Wide investor audience awaits KKR

NEW YORK/BOSTON Thu Jul 15, 2010 9:35am EDT

Signs can be seen above the floor of the New York Stock Exchange April 9, 2009. REUTERS/Lucas Jackson

Signs can be seen above the floor of the New York Stock Exchange April 9, 2009.

Credit: Reuters/Lucas Jackson

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NEW YORK/BOSTON (Reuters) - Kohlberg Kravis Roberts & Co's KKR.AS long-awaited listing on the Big Board brings a wide investor audience to the iconic private equity firm and could be a bellwether for rivals looking to follow suit.

The buyout firm will switch from Amsterdam-based Euronext on July 15 to the New York Stock Exchange, joining rival Blackstone Group (BX.N), which went public in 2007.

Some expect the move to result in a rise in KKR's shares. A NYSE-listing exposes the company to a highly liquid U.S. stock marketplace in which investing is generally cheaper and easier than in any other jurisdiction.

"I think there's likely to be a fair amount of pent-up demand for the shares once they relist," said Michael Kim, analyst at Sandler O'Neill. "We've seen examples of this type of relisting in the past -- where now that the stock is available to a much broader, deeper pool of potential investors, you typically see a boost."

But some see the listing as a yawn, arguing that investors wanting exposure to private equity could have bought Blackstone's stock.

"I don't think people are lining up to buy KKR at this time; the bloom is off the rose," said Francis Gaskins, president of IPODesktop.com, an IPO research firm.

The move will be closely watched by others who are planning on going public. Apollo Global Management APOLO.UL has also announced plans to list on the NYSE.

David Rubenstein, co-founder of Washington, D.C.-based giant private equity firm Carlyle Group CYL.UL, has in the past forecast that other private equity firms would follow the public route and issue shares with which to attract and retain employees and to use as currency to make acquisitions.

Carlyle said last year -- in response to speculation it was planning to list -- that if it ever went public, such a move would be a long way off.

VALUING THE STOCK

Blackstone was the trailblazer in private equity firms going public, launching an initial public offering in 2007 at $31 a share, just before the credit crisis hit. Its shares are now trading at about a third of the original value.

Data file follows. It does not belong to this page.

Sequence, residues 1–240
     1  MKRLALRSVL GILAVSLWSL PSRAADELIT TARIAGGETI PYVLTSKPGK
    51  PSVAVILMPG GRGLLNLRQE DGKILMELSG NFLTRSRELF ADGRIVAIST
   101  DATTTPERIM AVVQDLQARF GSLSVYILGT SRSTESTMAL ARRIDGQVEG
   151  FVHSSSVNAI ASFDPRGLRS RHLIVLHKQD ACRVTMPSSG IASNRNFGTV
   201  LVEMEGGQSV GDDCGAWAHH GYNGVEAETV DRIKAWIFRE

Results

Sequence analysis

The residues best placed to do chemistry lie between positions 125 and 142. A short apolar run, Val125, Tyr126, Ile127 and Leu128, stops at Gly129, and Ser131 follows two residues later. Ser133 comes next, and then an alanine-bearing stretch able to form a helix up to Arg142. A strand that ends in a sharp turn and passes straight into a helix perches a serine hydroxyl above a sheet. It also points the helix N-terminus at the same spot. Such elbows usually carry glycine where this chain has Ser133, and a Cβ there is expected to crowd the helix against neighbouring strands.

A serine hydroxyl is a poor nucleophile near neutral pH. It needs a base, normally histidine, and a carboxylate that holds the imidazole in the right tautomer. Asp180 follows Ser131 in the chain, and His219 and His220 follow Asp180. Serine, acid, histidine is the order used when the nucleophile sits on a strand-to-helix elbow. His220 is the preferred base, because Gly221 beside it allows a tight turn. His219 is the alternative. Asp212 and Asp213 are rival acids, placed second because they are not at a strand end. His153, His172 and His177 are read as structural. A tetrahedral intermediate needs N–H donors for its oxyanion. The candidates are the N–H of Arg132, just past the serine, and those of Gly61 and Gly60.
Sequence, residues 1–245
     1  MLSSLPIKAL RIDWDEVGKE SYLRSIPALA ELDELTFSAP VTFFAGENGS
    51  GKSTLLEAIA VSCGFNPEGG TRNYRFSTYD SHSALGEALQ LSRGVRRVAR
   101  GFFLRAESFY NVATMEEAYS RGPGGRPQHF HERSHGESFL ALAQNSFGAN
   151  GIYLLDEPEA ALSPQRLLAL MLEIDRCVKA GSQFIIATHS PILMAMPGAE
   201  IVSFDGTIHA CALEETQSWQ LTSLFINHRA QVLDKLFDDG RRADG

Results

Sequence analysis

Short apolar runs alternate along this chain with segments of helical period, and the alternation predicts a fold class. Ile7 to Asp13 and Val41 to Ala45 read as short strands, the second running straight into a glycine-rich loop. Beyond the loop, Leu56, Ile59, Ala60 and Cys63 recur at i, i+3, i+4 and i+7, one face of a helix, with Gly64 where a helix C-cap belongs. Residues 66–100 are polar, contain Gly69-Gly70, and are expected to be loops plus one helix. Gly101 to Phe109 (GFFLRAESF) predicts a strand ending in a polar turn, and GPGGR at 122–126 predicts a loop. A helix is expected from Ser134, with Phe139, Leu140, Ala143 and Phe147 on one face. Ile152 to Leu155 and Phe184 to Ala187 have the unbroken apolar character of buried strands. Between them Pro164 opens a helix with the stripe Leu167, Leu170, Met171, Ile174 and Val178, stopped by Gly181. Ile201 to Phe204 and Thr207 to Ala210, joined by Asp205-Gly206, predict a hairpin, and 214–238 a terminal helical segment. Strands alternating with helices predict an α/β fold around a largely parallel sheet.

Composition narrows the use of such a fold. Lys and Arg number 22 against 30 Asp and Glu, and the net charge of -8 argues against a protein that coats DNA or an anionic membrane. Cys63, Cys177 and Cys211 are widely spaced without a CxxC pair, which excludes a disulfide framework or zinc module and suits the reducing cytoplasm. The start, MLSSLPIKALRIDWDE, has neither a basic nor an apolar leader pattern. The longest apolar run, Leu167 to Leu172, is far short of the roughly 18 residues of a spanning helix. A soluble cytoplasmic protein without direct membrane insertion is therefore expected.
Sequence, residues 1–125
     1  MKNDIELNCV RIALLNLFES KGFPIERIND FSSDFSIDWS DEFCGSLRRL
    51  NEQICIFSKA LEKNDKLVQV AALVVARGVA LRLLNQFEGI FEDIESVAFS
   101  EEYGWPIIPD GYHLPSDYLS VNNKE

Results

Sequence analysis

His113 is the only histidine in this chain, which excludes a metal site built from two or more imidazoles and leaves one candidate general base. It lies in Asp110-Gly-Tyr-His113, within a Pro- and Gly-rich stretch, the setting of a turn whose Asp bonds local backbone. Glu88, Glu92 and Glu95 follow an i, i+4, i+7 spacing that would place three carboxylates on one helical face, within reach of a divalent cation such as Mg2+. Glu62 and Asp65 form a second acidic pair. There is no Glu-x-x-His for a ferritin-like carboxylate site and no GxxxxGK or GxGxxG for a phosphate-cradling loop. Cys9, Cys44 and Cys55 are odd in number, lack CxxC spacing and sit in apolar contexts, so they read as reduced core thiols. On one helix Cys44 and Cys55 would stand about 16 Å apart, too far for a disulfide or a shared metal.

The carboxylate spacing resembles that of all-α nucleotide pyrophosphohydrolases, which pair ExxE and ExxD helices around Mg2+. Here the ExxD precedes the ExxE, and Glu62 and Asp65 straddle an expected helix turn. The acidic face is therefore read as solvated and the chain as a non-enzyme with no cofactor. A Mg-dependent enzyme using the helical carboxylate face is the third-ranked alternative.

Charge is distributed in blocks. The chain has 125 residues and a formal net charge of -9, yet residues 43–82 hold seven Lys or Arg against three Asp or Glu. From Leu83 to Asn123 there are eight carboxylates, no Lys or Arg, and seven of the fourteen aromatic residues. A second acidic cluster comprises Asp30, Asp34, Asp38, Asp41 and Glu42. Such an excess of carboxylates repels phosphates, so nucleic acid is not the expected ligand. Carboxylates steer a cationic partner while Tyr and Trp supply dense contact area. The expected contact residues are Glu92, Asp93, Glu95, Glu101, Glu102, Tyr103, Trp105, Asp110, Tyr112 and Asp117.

KKR, which went public last October on Euronext, is taking a different tactic in listing without selling new shares, although it has plans to sell $500 million of new units at some point after it relists, subject to market conditions.

"If they'd done the equity offering at the same time that they relisted, I think the new shares would have sopped up the pent-up demand," said Kim, who has a 12-month price target on the stock of $14 and views it as undervalued.

Rabobank International analysts also view KKR as cheap, estimating the total value at $9.2 billion, according to a research note dated July 6.

KKR's stock is little changed since it started trading as a combined company on Euronext at the beginning of October at around $9. The stock last traded at $10, valuing the company at around $6.8 billion.

Blackstone is currently valued as a whole about $11.5 billion. According to Thomson Reuters I/B/E/S, Blackstone is trading at 8.31 times expected 2010 earnings. KKR is trading at 4.33 times 2010 earnings, according to I/B/E/S.

TIMING IS EVERYTHING

Investors expressed some caution about private equity firms in a fragile economic environment.

"Timing is everything," said Anton Schutz, manager of the Burnham Financial Industries Fund. "If we felt a lot better about the strength of the recovery, I'd be more interested."

"The last thing you want to own in a slow economy, even one that's recovering, is a leveraged portfolio," Schutz said.

Buyout firms raise funds in order to use leverage to buy companies, which they aim to sell later at a profit. Those firms following a public route have tried to diversify to other areas such as capital markets and hedge funds, so they are less dependent on pure private equity profits.

Schutz, who didn't invest in the 2007 Blackstone IPO, said he will look into the KKR offering before it is priced. "I'll look at anything that fits in the financial bucket," he said.

David Ellison, who runs the FBR Large and Small Cap Financial Services Funds, said now is a better time to consider buying private equity stocks than a few years back.

"This is the time to look at these companies because valuations have come down so much," said Ellison. "They're going to come public at a much better valuation."

Still, Ellison said he is not planning to buy KKR shares, seeing better opportunities for his funds in beaten down bank shares trading at or below book value.

A key consideration for public shareholders in private equity is that they might get less information than the investors in the individual funds.

Fund investors, known as "limited partners," are typically provided with frequent updates on the particular funds they are invested in, data not made publicly available.

Still, public shareholders are fairly well aligned with principals at the firms, said Steven Kaplan, a finance professor at the University of Chicago.

"The fact (they) are not disclosing everything at every point in time is maybe not so great, but ... at the end of the day, the only way the principals get paid is by selling companies or distributing shares," Kaplan said.

(Reporting by Megan Davies in New York and Aaron Pressman in Boston; Additional reporting by Jonathan Spicer in New York; Editing by Phil Berlowitz)

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